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  • Review: The Ex Kaiser in Exile May 20, 2014

    Author: Beach Combing | in : Contemporary
    Review: The Ex Kaiser in Exile

    In 1918 as Germany began to implode, Wilhelm II, Kaiser and perhaps the individual most responsible for the war, crossed the border into the Netherlands, took up residence there and then abdicated. He would live in the Netherlands (which had of course been neutral for the previous four years) until his death in 1941. In […]

    Hari-Kiri at the Hague? April 4, 2014

    Author: Beach Combing | in : Modern
    Hari-Kiri at the Hague?

    In 1907 three Korean representatives travelled to the Netherlands to persuade the powers meeting at the Hague Peace Conference to revoke Japanese hegemony over Korea. Their leader was Yi Jun (aka Ri Jun, Yi Chun, pictured left) and he and his two colleagues were devastated to learn, upon arrival, that they would not even be […]

    A Bugged Conversation from June 1945? May 26, 2013

    Author: Beach Combing | in : Contemporary
    A Bugged Conversation from June 1945?

    ***Dedicated to Cristiano and the memory of his old friend Johann Elser*** In the 1930s and the 1940s Britain boasted perhaps the best intelligence services in the world, with only the Soviets as rivals. SIS (aka MI6) operated throughout the Empire but also in allied and potential enemy countries to great effect. When World War […]

    The Empire of Claus December 26, 2012

    Author: Beach Combing | in : Contemporary, Modern
    The Empire of Claus

    Who is the ruler of Christmas? Santa Claus, of course. But the red bearded one has climbed over a lot of dead bodies to get to where he is today. And every so often when you travel around western countries you find traces of Christmases past. In Spain, for example, and, indeed, through much of […]

    The Inventio Fortunata: A Lost Medieval Journey to the Arctic North November 20, 2012

    Author: Beach Combing | in : Medieval, Modern
    The Inventio Fortunata: A Lost Medieval Journey to the Arctic North

    The Inventio Fortunata sometimes written the Inventio Fortunae (likely a mistaken amendment by an over anxious sixteenth-century author) is one of the most extraordinary documents NOT to come down to us from posterity. It was written in the fourteenth century, either at sea or in England, by a friar for the King of England, Edward […]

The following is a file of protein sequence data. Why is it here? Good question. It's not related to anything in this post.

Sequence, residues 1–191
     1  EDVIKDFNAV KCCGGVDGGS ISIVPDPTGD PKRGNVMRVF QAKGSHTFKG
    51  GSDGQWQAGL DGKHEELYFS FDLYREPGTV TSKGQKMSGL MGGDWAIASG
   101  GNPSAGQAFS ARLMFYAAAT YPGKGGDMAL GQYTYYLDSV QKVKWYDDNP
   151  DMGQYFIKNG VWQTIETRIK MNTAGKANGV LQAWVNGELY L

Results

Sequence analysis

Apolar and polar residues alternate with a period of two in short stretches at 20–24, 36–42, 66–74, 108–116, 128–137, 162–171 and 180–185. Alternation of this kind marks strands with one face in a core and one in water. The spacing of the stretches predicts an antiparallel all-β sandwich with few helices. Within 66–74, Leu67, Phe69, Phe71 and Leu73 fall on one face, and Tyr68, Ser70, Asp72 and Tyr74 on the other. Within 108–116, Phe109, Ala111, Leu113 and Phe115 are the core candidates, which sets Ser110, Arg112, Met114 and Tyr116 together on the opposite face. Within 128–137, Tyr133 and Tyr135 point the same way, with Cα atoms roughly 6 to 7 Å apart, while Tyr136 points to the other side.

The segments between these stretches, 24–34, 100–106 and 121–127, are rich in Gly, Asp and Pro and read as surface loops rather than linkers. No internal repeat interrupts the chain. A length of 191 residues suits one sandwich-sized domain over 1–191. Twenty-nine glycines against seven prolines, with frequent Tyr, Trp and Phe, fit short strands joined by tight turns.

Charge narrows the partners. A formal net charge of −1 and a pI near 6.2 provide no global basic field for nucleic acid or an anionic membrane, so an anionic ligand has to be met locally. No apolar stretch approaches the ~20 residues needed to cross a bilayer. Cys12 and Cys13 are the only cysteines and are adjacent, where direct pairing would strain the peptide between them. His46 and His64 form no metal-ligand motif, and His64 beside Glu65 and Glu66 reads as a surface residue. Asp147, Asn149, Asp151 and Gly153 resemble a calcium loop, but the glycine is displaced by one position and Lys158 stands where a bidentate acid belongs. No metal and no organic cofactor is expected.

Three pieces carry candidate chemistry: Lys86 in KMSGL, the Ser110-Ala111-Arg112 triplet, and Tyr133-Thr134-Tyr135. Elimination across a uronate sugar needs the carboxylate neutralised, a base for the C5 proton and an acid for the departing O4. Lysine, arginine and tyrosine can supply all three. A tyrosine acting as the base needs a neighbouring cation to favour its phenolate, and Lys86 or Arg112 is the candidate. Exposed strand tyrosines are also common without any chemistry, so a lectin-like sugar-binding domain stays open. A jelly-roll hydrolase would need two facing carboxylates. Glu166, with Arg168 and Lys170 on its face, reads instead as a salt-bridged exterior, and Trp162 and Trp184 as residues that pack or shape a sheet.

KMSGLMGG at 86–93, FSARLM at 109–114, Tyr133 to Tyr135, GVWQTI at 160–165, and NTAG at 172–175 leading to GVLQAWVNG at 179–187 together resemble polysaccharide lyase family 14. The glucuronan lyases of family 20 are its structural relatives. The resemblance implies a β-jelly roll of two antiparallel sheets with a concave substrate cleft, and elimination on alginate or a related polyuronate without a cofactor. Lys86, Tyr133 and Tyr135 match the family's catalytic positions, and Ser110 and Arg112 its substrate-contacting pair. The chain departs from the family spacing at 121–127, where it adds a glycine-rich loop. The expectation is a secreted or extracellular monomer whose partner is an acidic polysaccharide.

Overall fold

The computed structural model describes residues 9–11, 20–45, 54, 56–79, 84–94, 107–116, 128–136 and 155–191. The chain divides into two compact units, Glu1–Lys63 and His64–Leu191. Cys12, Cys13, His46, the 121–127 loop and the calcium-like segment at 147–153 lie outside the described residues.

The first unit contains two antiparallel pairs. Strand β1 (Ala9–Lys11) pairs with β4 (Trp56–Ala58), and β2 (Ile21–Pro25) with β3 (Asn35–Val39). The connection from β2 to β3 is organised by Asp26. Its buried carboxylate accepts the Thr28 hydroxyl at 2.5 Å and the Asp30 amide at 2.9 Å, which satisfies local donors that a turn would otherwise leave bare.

Gluten, Famine and the Slow Crawl of Medical Knowledge August 20, 2012

    Author: Beach Combing | in : Ancient, Contemporary, Modern
    Gluten, Famine and the Slow Crawl of Medical Knowledge

    ***Beach wants to salute his readers for a couple of days as he is going on his yearly retreat (hermit’s cave etc): he’ll see you on the other side, if the wolves don’t come*** Wheat is the grain of the west. The crop that has followed Europeans wherever they have gone for the simple reason […]

    In Praise of the Hindoestanen February 29, 2012

    Author: Beach Combing | in : Contemporary, Modern
    In Praise of the Hindoestanen

    Beachcombing has run, over the months, a series of forgotten kingdom posts: lands and peoples that time forgot. Sometimes he has stretched this definition to its elastic limit by including forgotten communities: a personal favourite, for example, were the Confederates who fled from Lincoln’s peace and came to settle in Brazil. Another group that he […]

    Escapes, Wives and Cases October 21, 2011

    Author: Beach Combing | in : Contemporary, Modern
    Escapes, Wives and Cases

    A reflection on escapees. Beachcombing  was brought up in the shadow of the Second World War where escape stories were  nutrition for a growing boy. Then he made the mistake of reading the Count of Monte Cristo at an impressionable age. Are there any more exciting pages in fiction than Edmond’s fake funeral? Beach can […]

    Boiling mice in the name of history October 3, 2010

    Author: Beach Combing | in : Ancient
    Boiling mice in the name of history

    It is widely known, Beachcombing believes, that the Romans ate dormice. Despite sumptuary laws forbidding the practice – dormice were an indulgence – they were fattened in gardens and kept in winter in a glirarium (a large ceramic jar) to prevent them hibernating (and becoming thin…). They were then cooked, stuffed with  pine kernels, garum, […]